Fibrocystic Breast Disease: Causes and Sequelae

Fibrocystic Breast Disease: Causes and Sequelae
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  • 0:02 Fibrocystic Breast Disease
  • 0:39 Signs & Symptoms
  • 2:46 Why Does FCD Occur?
  • 4:26 Diagnosis & Treatment
  • 5:20 Lesson Summary
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Lesson Transcript
Instructor: Artem Cheprasov
Fibrocystic breast disease isn't a disease at all. Or is it? Is it the same thing as breast cancer, or does it lead to breast cancer? You'll learn the answers to those questions and more in this lesson.

Fibrocystic Breast Disease

Finding a lump or bump - no matter how small - on any part of the body is almost always a cause for at least some concern. It may be nothing, but you just can't always be sure. Discovering a lump in your breast is alarming, to say the least. Breast cancer is the first thing that comes to mind, doesn't it? And that's nothing to mess around with. But I'll put you at ease, at least for this lesson, as we'll be discussing a different kind of issue, a non-cancerous condition that results in lumps in the breasts. It's called fibrocystic breast disease (FCD).

Signs and Symptoms of FCD

Fibrocystic breast disease is sometimes called a 'nondisease' in medical lingo, although some professionals don't like using this term for a few good reasons. However, the reason this lingo is used sometimes is because more than half of women aged 20-50 are expected to develop this condition before menopause. Changes associated with this condition are considered normal in healthy breasts, and, therefore, it's not actually deemed to be a true disease process. That's why the term 'fibrocystic breast condition (FCC)' is sometimes used instead.

Nevertheless, women can experience signs and symptoms of fibrocystic breasts, such as lumps or thickened areas in both breasts. It's unusual for this condition to have lumps in only one breast. Therefore, this is most often a bilateral condition, one that is affecting both sides at once. Such changes typically occur in the upper, outer (near the armpit) area of the breast. Other signs and symptoms include:

  • Fluctuations in the size of the lumps
  • Dark brown or green discharge from the nipple (no blood should be present in the discharge, by the way)
  • Breast pain and tenderness
  • Variations in size and pain during the menstrual cycle

Okay, I'll tell you one reason, with all of that in mind, why some professionals prefer to not call this a 'nondisease.' If you were a woman (and maybe you are) and you had everything I just described, would you feel good if a term like 'nondisease' was used? While some patients may be relieved to know it's truly not a disease in the medical and scientific sense, others consider it psychologically and emotionally offensive and kind of a brush-off of their true suffering and problems if it's termed anything but a disease. But that's neither here nor there.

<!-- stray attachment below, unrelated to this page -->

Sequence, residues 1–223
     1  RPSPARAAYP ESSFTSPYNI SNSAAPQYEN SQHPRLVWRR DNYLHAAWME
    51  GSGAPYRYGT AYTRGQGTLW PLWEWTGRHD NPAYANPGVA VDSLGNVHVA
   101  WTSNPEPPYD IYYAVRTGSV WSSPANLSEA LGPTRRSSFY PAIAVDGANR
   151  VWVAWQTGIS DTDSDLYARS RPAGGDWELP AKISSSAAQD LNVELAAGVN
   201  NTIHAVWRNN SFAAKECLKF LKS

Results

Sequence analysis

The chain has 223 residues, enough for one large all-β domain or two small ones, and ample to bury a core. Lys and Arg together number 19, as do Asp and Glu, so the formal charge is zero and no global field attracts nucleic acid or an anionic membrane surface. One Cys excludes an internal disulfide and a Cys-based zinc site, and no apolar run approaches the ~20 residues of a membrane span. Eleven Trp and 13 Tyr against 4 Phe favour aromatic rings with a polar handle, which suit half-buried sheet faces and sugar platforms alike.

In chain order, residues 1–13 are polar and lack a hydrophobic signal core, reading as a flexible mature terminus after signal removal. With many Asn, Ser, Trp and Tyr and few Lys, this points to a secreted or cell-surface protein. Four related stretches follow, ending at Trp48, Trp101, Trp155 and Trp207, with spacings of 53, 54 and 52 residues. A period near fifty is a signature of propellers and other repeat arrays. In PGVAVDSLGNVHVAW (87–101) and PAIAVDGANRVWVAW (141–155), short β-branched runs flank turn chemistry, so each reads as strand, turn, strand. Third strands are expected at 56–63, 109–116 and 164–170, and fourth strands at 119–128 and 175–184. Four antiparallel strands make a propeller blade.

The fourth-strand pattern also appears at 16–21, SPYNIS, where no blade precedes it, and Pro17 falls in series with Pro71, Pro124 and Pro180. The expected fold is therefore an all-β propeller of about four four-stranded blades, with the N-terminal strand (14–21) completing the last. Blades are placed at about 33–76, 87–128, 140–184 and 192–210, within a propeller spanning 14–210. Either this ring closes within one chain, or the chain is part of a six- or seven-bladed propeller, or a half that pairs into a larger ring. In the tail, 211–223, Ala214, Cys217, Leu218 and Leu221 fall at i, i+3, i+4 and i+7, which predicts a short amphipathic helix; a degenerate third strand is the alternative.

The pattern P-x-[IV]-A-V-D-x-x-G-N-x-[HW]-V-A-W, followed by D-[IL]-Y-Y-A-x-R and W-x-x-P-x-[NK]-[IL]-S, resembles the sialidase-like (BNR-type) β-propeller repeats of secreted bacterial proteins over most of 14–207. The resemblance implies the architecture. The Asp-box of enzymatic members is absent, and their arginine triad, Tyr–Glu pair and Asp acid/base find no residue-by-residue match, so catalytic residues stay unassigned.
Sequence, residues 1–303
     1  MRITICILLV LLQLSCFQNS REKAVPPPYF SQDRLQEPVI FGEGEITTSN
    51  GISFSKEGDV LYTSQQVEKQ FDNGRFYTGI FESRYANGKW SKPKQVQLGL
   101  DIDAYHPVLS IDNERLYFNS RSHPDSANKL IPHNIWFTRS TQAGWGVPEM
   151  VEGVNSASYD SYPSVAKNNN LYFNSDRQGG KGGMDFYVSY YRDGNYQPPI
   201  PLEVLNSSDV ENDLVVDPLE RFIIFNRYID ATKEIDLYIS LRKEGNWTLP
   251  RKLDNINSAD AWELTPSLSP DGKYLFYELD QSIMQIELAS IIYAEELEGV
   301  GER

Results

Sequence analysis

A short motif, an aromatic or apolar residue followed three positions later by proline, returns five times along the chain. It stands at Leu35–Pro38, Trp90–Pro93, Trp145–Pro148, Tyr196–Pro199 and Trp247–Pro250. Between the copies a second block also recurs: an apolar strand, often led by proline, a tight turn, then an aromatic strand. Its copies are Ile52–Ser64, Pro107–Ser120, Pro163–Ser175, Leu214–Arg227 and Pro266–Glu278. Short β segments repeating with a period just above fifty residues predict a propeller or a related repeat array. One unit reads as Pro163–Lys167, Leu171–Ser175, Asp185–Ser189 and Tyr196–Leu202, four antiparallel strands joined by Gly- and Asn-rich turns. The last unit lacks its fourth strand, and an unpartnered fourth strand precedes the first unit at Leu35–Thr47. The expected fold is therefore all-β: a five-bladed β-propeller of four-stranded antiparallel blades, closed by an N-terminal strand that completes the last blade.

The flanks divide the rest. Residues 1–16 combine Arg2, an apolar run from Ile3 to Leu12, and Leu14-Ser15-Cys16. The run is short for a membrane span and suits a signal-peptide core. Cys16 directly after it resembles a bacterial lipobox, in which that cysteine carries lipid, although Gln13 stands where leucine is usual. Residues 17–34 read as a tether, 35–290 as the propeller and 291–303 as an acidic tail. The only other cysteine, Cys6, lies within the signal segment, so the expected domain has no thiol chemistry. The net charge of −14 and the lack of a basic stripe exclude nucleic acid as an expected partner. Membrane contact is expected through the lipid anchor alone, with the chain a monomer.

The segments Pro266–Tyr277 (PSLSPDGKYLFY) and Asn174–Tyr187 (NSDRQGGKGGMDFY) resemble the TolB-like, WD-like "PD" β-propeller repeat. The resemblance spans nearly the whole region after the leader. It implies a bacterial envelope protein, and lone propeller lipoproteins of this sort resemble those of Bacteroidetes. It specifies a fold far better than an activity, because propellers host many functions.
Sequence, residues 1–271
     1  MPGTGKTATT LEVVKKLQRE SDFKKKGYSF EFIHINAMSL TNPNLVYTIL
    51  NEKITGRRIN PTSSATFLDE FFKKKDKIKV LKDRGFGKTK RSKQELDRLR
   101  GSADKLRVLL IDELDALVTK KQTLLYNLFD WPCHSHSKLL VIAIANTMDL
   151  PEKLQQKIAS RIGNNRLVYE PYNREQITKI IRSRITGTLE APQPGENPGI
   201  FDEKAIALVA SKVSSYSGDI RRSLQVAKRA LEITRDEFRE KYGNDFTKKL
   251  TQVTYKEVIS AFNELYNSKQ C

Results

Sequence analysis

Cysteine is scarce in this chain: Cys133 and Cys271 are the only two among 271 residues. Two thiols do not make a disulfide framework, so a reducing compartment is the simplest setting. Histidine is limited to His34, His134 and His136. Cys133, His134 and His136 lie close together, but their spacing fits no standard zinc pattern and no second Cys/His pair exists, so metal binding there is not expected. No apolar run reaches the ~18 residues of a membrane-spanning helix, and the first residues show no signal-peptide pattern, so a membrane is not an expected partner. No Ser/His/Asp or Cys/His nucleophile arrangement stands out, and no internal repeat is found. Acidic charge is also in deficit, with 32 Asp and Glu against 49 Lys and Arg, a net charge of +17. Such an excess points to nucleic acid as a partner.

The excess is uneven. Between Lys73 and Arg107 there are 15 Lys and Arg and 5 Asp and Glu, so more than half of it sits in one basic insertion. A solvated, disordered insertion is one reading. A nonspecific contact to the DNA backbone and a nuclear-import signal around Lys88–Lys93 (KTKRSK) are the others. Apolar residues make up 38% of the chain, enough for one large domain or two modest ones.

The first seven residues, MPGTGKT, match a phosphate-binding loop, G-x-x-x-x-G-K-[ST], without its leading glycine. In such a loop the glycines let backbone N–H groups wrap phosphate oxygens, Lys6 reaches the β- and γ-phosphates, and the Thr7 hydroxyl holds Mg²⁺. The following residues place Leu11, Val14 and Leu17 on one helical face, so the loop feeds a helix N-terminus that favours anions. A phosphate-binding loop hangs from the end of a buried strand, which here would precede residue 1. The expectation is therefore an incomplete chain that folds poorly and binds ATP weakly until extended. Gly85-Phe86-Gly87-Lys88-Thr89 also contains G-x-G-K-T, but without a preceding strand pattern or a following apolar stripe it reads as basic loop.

Why Does FCD Occur?

Anyways, we don't fully understand the cause of fibrocystic breast changes. We do have some important clues, though. First of all, this condition rarely affects women after menopause unless they are on hormone (estrogen) therapy. Another clue is that the signs and symptoms fluctuate with the menstrual cycle. Symptoms more commonly appear or worsen just before a woman's menstrual period.

So, what you should gather from that is that FCD is at least partially and greatly influenced by hormones and their constant fluctuations during the menstrual cycle, especially of the hormones estrogen and progesterone. All of these hormones and their fluctuations can cause changes, including:

  • Fibrosis, a term that refers to scar tissue formation
  • The appearance of cysts, which are fluid-filled sacs
  • Hyperplasia, or overgrowth of cells, that line the milk glands or ducts

Fibrocystic breast disease is typically not linked to a higher risk of developing breast cancer, although some forms of changes in the breasts during this condition, like atypical hyperplasia, may slightly increase the chances of developing breast cancer. Speaking of risks, it seems that women with the following history are at higher risk for developing FCD:

  • Never having a child
  • Having their first child at age 30 or later
  • Starting menstruation at an early age

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